What should I bid? (May 2014)


What should I bid? (May 2014)

There were no submissions in May so Andy has selected another from April. The winner is Julian Foster. He wins a voucher of $30 funded by TBIB, toward any purchase made at the Bridge Shop or Paul Lavings Bridge Books.


Vul v NV. Dealer on your right. Playing teams.

West North East South
1 Dbl
Pass 3 3 ?

I wasn’t completely convinced by double on the first round but felt it was the least bad option since all my values are in the other 3 suits.
Now over 3 it was even tougher!
What does double mean I wonder? If it means “do you have a Spade stop?” that’s probably a sensible treatment but, as an irregular partnership, we obviously hadn’t discussed that. We had discussed that a cuebid of the opponent’s suit in response to a double was forcing to suit agreement, but other than that, we had no real agreements beyond that.

In the end I just bid 5 which, on a bad day, could easily have been off 3 spades, or two spades and a spade ruff. But if we survived through that, I thought that any finesses required were likely to be onside, so it was worth a go at Vulnerable imps.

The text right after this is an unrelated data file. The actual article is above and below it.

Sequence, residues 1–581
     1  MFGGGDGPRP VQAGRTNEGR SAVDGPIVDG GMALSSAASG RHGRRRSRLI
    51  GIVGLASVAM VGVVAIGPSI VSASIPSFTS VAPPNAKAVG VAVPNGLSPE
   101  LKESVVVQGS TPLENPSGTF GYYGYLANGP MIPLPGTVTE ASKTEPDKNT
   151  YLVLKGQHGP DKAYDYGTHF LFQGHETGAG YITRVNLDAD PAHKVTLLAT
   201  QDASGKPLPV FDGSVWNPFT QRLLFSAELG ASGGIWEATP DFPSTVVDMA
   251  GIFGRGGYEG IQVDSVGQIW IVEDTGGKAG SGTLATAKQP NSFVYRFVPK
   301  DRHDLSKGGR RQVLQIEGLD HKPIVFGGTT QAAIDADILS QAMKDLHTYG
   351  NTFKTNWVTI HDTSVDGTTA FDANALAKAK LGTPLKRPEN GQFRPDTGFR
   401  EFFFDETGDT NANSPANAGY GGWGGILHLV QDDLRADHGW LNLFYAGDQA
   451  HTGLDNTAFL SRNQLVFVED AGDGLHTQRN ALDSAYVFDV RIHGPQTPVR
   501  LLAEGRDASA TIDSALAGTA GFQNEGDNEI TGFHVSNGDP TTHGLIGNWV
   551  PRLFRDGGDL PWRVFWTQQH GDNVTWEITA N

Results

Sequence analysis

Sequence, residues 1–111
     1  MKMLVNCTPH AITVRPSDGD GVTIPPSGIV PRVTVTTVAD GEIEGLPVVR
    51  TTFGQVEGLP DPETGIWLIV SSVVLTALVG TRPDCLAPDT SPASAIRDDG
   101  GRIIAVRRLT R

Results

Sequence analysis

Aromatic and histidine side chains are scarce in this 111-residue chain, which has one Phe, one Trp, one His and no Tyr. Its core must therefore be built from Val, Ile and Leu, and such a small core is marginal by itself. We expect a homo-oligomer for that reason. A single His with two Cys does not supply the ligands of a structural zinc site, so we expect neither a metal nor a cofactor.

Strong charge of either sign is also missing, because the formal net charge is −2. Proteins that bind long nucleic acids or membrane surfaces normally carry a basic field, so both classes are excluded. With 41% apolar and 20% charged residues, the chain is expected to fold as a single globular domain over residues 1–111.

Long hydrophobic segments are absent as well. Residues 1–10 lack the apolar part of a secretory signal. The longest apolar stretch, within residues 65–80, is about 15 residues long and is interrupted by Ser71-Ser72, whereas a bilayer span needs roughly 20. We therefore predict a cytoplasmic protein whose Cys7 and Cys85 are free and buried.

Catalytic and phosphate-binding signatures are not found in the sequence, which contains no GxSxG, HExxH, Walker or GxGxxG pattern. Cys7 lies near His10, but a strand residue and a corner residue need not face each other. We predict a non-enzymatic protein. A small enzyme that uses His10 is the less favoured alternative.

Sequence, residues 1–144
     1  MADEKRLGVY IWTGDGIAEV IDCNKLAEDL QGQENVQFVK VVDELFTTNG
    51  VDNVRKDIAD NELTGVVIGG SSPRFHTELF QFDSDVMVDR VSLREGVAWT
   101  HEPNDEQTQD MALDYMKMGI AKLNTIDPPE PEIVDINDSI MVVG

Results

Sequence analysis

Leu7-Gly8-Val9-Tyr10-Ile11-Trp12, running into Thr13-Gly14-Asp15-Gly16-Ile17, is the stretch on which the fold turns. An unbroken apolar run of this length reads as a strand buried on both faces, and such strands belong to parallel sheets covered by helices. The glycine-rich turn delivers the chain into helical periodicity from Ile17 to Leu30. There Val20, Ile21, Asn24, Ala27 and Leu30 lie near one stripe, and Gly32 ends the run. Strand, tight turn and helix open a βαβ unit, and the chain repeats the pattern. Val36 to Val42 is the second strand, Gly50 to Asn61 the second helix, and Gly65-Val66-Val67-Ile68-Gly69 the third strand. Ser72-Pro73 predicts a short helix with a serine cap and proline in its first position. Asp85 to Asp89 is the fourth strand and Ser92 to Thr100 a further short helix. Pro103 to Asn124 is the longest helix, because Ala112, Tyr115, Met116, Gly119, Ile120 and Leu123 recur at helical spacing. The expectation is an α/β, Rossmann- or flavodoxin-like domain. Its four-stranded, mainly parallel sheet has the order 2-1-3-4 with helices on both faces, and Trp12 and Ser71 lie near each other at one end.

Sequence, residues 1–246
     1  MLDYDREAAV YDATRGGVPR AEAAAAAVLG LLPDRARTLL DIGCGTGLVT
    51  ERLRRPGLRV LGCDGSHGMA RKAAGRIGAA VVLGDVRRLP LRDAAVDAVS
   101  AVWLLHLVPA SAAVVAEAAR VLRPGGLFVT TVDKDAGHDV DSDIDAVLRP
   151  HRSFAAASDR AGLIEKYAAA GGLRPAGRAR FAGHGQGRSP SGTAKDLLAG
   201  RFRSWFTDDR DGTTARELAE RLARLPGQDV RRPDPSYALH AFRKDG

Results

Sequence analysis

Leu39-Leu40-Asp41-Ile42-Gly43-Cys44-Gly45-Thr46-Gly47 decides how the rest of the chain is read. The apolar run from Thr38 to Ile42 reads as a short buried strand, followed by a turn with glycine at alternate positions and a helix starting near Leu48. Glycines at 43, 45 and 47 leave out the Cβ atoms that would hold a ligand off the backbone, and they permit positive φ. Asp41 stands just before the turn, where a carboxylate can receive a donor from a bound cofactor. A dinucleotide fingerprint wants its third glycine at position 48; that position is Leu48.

Turned out this was a good day. Partner held:


The diamond finesse was onside so we just lost 2 spades for +600 and 10 imps (I believe my counterpart opponent bid 4 on my hand in the same sequence).


Hi Julian,

Doubling on the first round is right. It’s the sort of hand where you want to get off your chest as early as you can so your side can fight for the partscore (you do have support for all three suits, after all!). At least you have no spade honours and that you have four hearts so partner can compete in hearts with four of them (i.e. we don’t need to worry about a 3-4 fit).

Over 3, I would now double again given that partner has shown some values for the jump to 3. Given the lack of bidding space, this double usually means “Do something intelligent, partner!” so it’s normally just showing extra values (wanting to compete), and partner’s first priority should be, of course, to bid 3NT with a stopper (unless partner wants to pass it out and convert it to penalties). Your hand is definitely suitable to make that second double, as you also would have done had one of your spades been a club (which would be more ideal).

Obviously if you had a singleton spade and something like a 1-4-4-4 or 1-3-4-5 shape (for example), you might prefer to play in diamonds so you wouldn’t bother with a second double.

Anyway, had you doubled again, your partner will be able to bid 5 with confidence as the hand has extra length in diamonds and we had shown extras with our second double.

You survived at the end though, so well done!



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